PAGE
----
Martial Arts Kata, Good or Bad?
in the Martial Arts Kata are often translated as martial arts forms, so I use the terms interchangeably.
Bruce Lee said in “The Tao of Jeet Kune Do” the following about forms:
“Too much horsing around with unrealistic stances and classic forms and rituals is just too artificial and mechanical, and doesn’t really prepare the student for actual combat.”
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Is this true? Or is it meaningful, do forms actually teach you combat? Certainly looking at Pinan/Heian 1, or Kenpo Long 1, you have to wonder, is this meaningful? Are they honestly expecting me to drop the opposite hand when I block and punch? And why are they having me drop my hands when in sparring they tell me to keep my hands up?
Even with something so entrenched as Sanchin, or the Sil Lum Tao those that lack correct teaching have to wonder, “how is this teaching me to fight?”.
In stark contrast are kata such as sanseirui, where it is very apparent that the kata is truly a combat scenario that captured and formalized into a form. This is evidenced by the lack of symmetry in the form, you don’t have “do the exact same thing on the other side” or “first do it on the right, then on the left”.
But do any of them provide you with anything useful? Or do they lock you into a routine.
Bruce was an incredible man, certainly what he said must have some value. Besides, if not for forms, how do we transmit the style, untarnished, to the next generation?
The problem with Bruce, is that he was amazing. He was so amazing that somewhere along the line he seems to have forgotten that you have to explain to a new student how to make a fist, not to punch with the flat part of your fist, to line up the bones, to add CBM. We can see that he knew this, for he said (paraphrasing here) “before I learned to punch, a punch was just a punch, while I was learning, a punch was much more than a punch. Now, a punch is just a punch”. However, he repeatedly wanted to throw away all the tools that are used to learn basics.
To quote my sensei, “you have to have a set of basics before you start learning to break free of the forms”.
I feel that all forms are intended to serve a purpose, but what is that purpose?
Let us start with the so simple that they are obnoxious forms, like the early Kenpo forms and the Pinans. They are not meant to be combat forms, they are meant to be a way to train symmetry, and to familiarize you with the “alphabet of movement” that your system trains. Think of the movements in these forms as “this is my footwork, these are my blocks, these are my strikes, there are many like them, but these are mine”. Symmetry is important, you need to be able to block, thrust, flick, parry and strike on both sides, these forms teach you exactly that, and they force you to practice equally on both sides. Bruce may have been so good that he only needed five techniques and only those on his lead side, but that doesn’t account for most people, nor does it address what you are supposed to do if you get injured during combat.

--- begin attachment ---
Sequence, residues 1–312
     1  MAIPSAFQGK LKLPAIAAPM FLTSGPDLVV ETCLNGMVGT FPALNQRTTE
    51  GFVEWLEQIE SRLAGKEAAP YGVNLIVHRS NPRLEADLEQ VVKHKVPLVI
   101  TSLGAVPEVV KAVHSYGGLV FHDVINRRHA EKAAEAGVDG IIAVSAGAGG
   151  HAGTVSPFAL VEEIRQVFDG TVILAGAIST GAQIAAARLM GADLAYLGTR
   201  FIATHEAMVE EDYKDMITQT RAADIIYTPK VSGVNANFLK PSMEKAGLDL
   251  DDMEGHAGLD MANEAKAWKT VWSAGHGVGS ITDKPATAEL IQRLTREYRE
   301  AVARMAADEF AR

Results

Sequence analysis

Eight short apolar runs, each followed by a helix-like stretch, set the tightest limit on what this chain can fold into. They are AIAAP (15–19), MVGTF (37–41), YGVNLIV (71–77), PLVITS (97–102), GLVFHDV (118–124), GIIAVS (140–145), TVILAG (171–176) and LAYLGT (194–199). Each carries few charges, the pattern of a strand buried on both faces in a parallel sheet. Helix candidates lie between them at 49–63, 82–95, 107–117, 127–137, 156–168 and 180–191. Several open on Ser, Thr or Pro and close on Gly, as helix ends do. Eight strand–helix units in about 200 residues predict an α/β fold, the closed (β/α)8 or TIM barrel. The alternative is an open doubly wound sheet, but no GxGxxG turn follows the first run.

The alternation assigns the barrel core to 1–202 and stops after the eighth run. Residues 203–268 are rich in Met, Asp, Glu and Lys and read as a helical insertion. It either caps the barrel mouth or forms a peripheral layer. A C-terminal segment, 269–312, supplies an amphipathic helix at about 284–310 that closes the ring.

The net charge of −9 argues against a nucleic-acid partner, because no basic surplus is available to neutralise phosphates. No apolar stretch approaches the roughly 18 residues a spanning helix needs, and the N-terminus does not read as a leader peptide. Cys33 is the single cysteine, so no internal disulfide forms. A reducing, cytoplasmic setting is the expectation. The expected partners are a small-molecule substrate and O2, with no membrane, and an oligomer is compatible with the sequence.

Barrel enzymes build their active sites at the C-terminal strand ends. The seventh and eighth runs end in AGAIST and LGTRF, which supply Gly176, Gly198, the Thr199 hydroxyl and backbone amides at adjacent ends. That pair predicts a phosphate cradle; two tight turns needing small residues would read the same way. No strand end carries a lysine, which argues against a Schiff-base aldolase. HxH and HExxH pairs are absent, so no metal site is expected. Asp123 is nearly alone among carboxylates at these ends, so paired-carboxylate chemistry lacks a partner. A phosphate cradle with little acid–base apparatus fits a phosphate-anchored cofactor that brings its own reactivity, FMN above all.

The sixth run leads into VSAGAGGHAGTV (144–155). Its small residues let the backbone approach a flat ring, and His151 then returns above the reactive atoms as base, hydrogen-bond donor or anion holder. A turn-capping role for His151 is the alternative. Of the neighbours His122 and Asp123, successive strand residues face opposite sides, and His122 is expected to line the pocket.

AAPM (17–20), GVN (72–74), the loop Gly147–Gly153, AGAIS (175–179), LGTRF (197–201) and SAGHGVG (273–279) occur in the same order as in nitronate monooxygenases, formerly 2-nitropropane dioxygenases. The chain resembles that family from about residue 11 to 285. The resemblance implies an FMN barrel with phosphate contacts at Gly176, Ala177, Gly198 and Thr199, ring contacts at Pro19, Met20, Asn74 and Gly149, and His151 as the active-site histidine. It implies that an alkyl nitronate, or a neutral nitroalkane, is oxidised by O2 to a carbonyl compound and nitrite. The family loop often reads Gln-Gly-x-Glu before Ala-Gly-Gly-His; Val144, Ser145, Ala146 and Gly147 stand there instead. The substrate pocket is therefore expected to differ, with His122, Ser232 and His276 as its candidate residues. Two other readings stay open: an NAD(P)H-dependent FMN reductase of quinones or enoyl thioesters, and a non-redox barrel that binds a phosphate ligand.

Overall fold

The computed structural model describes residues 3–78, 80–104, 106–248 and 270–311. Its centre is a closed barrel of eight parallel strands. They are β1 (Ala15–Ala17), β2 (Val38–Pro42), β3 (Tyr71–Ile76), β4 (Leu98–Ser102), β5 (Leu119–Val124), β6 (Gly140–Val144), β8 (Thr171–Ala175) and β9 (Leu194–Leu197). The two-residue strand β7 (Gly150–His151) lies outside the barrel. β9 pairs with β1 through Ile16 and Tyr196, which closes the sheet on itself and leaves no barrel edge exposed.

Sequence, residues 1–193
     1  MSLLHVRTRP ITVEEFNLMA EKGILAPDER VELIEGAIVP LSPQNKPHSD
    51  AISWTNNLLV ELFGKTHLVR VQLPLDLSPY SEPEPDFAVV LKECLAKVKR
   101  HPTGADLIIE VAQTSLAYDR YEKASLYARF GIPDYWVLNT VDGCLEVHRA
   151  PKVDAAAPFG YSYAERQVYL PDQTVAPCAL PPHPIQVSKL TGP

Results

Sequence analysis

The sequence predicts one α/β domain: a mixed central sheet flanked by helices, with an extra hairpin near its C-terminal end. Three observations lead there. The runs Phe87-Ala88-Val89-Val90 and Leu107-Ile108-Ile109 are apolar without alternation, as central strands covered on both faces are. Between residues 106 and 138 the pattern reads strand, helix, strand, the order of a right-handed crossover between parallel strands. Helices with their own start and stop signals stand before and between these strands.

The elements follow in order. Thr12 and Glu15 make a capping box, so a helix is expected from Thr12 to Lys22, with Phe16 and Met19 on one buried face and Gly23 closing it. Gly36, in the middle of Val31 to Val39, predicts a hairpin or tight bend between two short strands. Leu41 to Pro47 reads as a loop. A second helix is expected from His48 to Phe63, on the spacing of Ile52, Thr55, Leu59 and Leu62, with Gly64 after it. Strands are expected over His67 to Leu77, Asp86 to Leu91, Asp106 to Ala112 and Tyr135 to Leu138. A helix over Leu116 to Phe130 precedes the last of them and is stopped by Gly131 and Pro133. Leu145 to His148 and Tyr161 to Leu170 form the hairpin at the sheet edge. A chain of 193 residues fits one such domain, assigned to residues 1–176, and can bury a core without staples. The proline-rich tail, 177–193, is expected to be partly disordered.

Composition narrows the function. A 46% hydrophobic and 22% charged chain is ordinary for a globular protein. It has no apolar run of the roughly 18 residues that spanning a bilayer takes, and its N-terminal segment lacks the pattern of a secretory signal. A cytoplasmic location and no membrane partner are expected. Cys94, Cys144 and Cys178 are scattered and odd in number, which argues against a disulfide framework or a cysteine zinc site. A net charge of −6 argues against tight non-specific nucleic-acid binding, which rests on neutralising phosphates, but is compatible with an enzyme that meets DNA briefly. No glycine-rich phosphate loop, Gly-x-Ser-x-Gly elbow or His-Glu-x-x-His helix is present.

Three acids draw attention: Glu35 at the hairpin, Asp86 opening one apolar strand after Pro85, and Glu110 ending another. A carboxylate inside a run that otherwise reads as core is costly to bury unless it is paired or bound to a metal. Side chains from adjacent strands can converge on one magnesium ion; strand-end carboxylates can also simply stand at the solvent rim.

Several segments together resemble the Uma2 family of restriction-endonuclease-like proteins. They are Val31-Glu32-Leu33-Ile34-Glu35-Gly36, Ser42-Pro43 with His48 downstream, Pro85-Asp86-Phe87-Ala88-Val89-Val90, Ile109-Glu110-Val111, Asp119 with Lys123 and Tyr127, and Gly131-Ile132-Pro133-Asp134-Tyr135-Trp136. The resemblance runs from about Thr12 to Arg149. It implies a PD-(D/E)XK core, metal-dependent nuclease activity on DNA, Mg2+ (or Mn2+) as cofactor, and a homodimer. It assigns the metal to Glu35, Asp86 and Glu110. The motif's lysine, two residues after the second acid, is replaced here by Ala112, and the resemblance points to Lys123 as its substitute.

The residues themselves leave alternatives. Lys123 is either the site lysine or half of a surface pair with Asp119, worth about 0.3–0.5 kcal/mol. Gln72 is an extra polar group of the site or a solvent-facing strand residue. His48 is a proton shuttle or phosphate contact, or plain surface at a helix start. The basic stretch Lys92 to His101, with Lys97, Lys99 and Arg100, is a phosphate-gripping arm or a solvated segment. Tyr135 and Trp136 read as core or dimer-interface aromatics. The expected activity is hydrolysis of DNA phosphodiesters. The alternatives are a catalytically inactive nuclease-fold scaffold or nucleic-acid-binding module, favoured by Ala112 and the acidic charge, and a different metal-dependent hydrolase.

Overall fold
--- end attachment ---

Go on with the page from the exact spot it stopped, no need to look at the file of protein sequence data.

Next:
So basic, boring forms have a purpose, even if it is only training. However, when we go back to the question of dropping the hand, you do have to stop and wonder why practice something that we would never want to do in combat. This is where I personally feel that some of these forms are less valuable than they could be.
Sanchin appears to be one of these boring beginner forms; however, it is an exceptional kata, Please see the earlier article I wrote on Sanchin (add a link to the other blog post). My sensei was fond of saying that he could tell your belt level by watching your performance of Sanchin.
The Sil lum tao, is also a form that appears to be on the boring scale, however, it is a very internal form. It is meant to isolate the hand movements used in Wing Chun so they can be practiced separately from any foot movement, and to build Chi power. These 2 aspects mean that it can be practiced and improved on for the rest of your life, just like Sanchin.
None of the seemingly boring kata teach you to fight, not even sanchin. They may teach you many critical elements of fighting, blocks and strikes that you can combine, a clear calm mind, the ability to take a hit and continue. These things and more can be learned from kata.
Learning to fight from a kata though? That is tough, there are people that have been reputed to have done so, I have a very hard time believing that.
In my mind the only way to improve reflexes, and learn to handle unexpected things is to get into sparring (at all contact levels) with as many different people as possible. Try to get with people of different levels, different arts, and no arts.
In my personal opinion, I feel kata are very important, both for handing down the style, uncompromised. They are critical for training your body to use all the different tools in the styles toolbox.
I do not feel that they are a prison, rather an encyclopedia of motion and much more. In my mind all kata should give you as many tools as Sanchin, Sil lum tao and Sanseirui. However, if the form teaches you to do dangerous things, like drop your hands, you might want to re-evaluate the validity of that particular form.
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